31 July 2012
Man guilty of destroying a roost home to rare bats is fined
A man has been found guilty of the destruction of a lesser horseshoe bat roost near Bude in Cornwall. Christopher J. Congdon knowingly destroyed the bat roost, which was home to one of Britain’s rarest mammals, when he was converting a barn on his property. Having been advised that rare bats were present and a licence would be required, Mr Congdon destroyed evidence of the bats' presence and then had works carried out on the barn which destroyed the roost. Mr Congdon was found guilty at a hearing in Bodmin Magistrates' Court on Friday 27th July 2012 and was fined £2500 and £660 costs.
The Bat Conservation Trust (BCT) Investigations Officer Pete Charleston explains:
“Bats and their roost are protected by law whether the bats are present in the roost or not, this legislation helps protect our native bat populations which suffered severe declines throughout the twentieth century. Destroying a roost is a serious offence; it harms bats and puts bat populations at risk. ”
BCT have supported Devon and Cornwall Police and the Crown Prosecution Service throughout the investigation and praise the work of the CPS and the police for their work particularly PC Richard Martin who led the investigation. BCT also recognise that this case could not have been bought without the assistance of ecologists who had conducted surveys of the premises prior to work being carried out.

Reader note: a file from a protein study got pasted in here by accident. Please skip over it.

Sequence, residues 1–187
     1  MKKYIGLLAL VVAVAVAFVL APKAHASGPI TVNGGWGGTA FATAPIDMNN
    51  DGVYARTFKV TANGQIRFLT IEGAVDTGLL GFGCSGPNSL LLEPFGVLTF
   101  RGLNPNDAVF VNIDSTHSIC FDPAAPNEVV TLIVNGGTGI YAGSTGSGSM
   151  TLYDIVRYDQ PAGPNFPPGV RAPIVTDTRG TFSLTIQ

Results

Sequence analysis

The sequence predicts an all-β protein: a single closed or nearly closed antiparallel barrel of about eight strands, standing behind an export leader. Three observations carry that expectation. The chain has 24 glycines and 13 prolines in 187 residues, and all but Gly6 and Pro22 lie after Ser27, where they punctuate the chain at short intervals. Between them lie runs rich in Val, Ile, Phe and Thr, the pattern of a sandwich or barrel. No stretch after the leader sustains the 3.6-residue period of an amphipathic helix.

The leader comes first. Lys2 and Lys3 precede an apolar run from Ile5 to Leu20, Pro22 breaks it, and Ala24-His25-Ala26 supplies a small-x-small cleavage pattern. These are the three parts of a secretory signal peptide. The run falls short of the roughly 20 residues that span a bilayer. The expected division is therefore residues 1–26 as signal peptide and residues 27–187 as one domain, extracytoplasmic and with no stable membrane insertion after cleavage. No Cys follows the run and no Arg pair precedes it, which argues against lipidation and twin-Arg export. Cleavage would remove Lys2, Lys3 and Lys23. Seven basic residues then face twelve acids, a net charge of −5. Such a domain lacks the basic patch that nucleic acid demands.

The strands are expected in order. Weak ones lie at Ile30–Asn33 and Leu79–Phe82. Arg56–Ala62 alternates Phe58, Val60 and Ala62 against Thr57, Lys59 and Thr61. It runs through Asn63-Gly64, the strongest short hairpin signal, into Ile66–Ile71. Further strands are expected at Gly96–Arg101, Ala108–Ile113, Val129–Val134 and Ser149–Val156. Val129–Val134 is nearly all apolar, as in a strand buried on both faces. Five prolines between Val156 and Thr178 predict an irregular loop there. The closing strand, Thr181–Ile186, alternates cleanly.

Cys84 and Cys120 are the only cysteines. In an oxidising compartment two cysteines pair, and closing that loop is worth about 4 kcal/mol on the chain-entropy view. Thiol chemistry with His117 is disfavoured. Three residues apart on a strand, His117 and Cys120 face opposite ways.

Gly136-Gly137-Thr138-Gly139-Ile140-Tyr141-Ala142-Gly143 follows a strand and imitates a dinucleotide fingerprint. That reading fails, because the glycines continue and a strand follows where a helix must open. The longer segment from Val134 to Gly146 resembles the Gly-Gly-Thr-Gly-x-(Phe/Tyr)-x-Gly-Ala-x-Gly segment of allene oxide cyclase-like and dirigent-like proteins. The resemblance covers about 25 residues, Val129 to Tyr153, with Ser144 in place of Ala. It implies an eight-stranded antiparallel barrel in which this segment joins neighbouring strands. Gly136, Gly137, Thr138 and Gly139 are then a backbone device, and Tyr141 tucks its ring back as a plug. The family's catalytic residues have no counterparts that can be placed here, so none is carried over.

In a separate case a man in Cumbria has pleaded guilty to destroying a bat roost and is awaiting sentencing.
If properly planned and licensed works that may affect bats or their roosts can take place with minimal impact and be cost effective. Bat Conservation Trust advise that if ecological surveys are carried out, works planned at the right time off year and mitigation put in place for the loss of any roost, then activities such as barn conversions can take place without putting bat populations at risk. For free information and advice about bats call the Bat Helpline on 0845 1300 228.